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Adding A Humidifier To Your Furnace: Why Is It Better And How Much Does It Cost?

Adding A Humidifier To Your Furnace: Why Is It Better And How Much Does It Cost?

Air quality and home comfort are significantly influenced by humidity. You may increase the comfort and air quality in your home by installing a humidifier in your heating and cooling system. How much will it cost to install this?

It can cost between $200 and $400 to install a new humidifier in your furnace, however more expensive versions might cost up to $1,500. The following factors can affect how much it will cost to install the humidifier:

-Humidifier type (flow-through, steam, or drum) -Labor costs for installation -Special configurations or humidistat installation

It’s critical to comprehend every element that could drive up the price of installing your humidifier. The prices involved with adding a humidifier to your furnace will be covered in this piece, along with other significant information that might be useful for this kind of home repair project.

Installation Fees For Humidifiers On Home Furnaces

Adding A Humidifier To Your Furnace: Why Is It Better And How Much Does It Cost?

The sort of humidifier that will be installed is the first and most crucial thing that you should take into account. Home humidifiers come in three different varieties right now: steam, flow-through, and drum.

The least expensive type of humidifier is a drum humidifier, sometimes referred to as a reservoir humidifier, which normally costs between $100 and $250. They are 100% effective at humidifying the air in your home by using all of the water contained within the gadget. For adding humidity to a home, drum humidifiers provide the simplest operation and consistent results.

They utilize a rotating drum that is fitted with an absorbent pad to create humidity and operate on the evaporation principle. The pad absorbs the water that is subsequently collected by the drum as it rotates around inside the pan. The water then evaporates from the pad and is dispersed into the air as the air starts to pass through the bypass tube.

The normal price range for flow-through humidifiers is $200 to $400. Similar to drums, flow-through humidifiers primarily operate on the evaporation principle. Both humidifiers circulate warm air through their systems using a bypass tube and absorbent pads. The biggest distinction between the two is where the water comes from. While drums use a moving drum to direct the water inside of it, flow-throughs move a small stream of water across the top of the humidifier pad.

Steam Humidifiers
The price of a steam humidifier might range between $500 and $1,600. In some circumstances, the rate of evaporation isn’t quick enough to allow for the maintenance of adequate moisture levels. In situations like this, steam humidifiers are your best bet for achieving the appropriate humidification results (as opposed to flow-through and drum humidifiers), as they often have a quicker humidification process.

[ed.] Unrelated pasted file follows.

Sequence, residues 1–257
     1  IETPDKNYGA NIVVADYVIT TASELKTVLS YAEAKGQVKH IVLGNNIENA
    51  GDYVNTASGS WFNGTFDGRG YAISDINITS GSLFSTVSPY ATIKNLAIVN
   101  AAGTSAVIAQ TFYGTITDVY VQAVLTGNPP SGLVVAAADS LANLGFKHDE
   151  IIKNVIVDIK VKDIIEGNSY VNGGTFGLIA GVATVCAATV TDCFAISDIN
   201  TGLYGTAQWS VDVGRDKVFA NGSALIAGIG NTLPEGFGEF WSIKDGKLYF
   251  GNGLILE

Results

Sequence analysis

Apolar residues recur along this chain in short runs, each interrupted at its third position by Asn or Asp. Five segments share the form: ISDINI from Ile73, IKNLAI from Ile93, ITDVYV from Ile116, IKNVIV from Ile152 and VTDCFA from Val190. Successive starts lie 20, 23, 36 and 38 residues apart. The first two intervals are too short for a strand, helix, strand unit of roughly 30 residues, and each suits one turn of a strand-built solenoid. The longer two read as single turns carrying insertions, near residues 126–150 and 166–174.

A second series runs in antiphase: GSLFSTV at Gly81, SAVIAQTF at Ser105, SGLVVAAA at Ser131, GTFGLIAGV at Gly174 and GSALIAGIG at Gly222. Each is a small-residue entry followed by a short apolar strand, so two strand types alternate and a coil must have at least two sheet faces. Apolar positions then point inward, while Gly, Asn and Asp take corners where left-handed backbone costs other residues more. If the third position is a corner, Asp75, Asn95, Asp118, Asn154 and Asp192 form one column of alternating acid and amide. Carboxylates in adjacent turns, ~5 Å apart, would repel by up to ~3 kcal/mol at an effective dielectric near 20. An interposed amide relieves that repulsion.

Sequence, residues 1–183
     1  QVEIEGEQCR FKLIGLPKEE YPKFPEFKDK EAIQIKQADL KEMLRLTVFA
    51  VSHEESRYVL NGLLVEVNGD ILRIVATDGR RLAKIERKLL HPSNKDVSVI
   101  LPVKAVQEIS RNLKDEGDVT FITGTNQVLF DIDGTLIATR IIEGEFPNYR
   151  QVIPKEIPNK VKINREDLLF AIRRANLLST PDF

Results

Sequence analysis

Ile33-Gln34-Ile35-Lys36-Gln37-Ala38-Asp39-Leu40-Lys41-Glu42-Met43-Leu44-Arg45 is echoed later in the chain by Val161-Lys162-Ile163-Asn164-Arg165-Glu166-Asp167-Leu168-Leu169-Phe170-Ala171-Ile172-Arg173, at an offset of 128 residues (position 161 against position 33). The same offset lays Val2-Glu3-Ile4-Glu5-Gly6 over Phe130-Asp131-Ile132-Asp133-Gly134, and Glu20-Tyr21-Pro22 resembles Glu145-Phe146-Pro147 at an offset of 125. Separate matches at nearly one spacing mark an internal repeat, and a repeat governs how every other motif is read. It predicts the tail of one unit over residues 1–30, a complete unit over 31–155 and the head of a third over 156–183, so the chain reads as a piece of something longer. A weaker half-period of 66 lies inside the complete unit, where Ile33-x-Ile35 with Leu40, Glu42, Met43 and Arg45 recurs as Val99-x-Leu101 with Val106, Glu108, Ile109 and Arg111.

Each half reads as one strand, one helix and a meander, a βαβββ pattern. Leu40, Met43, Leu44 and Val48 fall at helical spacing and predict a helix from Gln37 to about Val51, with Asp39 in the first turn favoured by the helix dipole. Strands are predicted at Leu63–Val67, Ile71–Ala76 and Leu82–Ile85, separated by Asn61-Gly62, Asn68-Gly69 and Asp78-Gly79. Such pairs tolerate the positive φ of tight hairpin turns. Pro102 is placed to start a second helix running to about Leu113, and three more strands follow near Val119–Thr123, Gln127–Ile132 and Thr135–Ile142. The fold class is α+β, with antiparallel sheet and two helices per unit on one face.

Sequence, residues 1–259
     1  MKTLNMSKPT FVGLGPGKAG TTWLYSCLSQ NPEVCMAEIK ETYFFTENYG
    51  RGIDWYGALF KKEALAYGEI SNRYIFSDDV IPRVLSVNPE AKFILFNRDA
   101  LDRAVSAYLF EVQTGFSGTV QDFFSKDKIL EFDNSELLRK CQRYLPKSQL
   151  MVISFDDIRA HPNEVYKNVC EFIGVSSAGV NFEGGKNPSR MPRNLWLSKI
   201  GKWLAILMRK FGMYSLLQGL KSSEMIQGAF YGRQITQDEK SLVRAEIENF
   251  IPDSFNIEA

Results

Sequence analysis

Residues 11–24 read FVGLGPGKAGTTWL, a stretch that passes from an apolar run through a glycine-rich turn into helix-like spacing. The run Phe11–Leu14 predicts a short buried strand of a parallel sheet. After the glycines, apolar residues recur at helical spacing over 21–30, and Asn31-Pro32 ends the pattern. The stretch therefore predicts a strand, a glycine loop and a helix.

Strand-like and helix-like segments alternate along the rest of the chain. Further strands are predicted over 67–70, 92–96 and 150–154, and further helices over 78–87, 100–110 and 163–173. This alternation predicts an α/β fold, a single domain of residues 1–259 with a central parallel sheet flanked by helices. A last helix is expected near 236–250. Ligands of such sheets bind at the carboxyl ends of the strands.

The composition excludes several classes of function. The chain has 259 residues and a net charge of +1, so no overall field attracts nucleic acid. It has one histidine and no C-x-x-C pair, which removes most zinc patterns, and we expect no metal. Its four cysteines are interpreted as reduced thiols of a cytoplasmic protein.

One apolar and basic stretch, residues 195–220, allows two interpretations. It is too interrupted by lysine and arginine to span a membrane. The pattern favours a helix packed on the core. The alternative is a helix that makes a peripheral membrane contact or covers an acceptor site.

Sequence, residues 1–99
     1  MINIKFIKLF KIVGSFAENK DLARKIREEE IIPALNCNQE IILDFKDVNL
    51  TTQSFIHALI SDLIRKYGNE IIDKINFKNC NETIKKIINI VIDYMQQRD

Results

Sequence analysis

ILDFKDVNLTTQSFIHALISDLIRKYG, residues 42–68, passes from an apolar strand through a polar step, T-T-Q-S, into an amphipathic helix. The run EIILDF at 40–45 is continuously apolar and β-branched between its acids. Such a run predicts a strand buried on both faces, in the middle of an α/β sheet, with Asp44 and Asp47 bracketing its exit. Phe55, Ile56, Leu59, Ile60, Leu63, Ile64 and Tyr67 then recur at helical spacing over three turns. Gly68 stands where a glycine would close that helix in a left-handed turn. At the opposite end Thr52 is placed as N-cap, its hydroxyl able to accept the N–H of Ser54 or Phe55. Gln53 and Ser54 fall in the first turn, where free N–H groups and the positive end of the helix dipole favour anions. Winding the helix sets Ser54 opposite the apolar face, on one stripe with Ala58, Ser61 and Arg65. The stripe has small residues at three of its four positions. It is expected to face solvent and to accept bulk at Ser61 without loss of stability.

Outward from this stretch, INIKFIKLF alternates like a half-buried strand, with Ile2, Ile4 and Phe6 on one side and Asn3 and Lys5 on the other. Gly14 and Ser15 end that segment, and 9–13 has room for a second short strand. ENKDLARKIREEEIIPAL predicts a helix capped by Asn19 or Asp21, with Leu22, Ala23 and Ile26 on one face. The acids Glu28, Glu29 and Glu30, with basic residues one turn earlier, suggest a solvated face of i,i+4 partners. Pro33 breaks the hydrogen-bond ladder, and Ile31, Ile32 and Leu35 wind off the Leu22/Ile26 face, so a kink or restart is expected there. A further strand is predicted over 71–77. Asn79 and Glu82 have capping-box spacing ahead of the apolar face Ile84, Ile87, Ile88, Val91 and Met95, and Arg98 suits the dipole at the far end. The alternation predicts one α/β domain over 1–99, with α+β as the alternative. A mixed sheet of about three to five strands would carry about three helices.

Steam humidifiers employ power to convert water into gas rather than evaporation. This enables customers to more precisely control their humidity levels while allowing them to produce higher volumes of humidity.

Labor Charges
For installation and repairs, most HVAC specialists impose a fixed price that often combines a service charge and an hourly rate. You might anticipate to pay for labor somewhere from $50 and $100 per hour, depending on where you live.

Finding a reliable and experienced professional is crucial for this kind of installation because a poor setup can result in problems with your home’s plumbing, HVAC, or electrical systems. If a specific or complicated configuration is needed, professionals may often install residential humidifiers in two hours and four hours.

Additional Configurations Or Humdistat Installation
When humidifiers are added to a furnace, humidistats—which track humidity levels (similar to hygrometers)—are frequently installed. Technicians will need to size and then cut into the ducts to attach them, which will result in more labor costs.

Additionally, costly humidifier companies frequently include extra or customized settings in their products. The technician frequently needs to do an initial setup or calibration for these settings, and other components might need to be installed.

Where On A Furnace Should A Humidifier Be Installed?

Adding A Humidifier To Your Furnace: Why Is It Better And How Much Does It Cost?

Installing a humidifier system is done according to the instructions that come with it. On the supply (or hot air) duct, flow-through, drum, and steam humidifiers are typically mounted. When using hot water instead of cold water, certain manufacturers permit them to be installed on a furnace’s return duct. Additionally, certain brands permit wall mounting under some circumstances.

When Installing A Humidifier On A Furnace, How Long Does It Take?

Given that the system doesn’t need any specific settings, the majority of HVAC specialists can install a humidifier on a furnace in around two hours. Depending on your electrical expertise and handyman abilities, it can take two to five hours to install a humidifier on the furnace yourself. Let’s take a quick look at how this procedure works.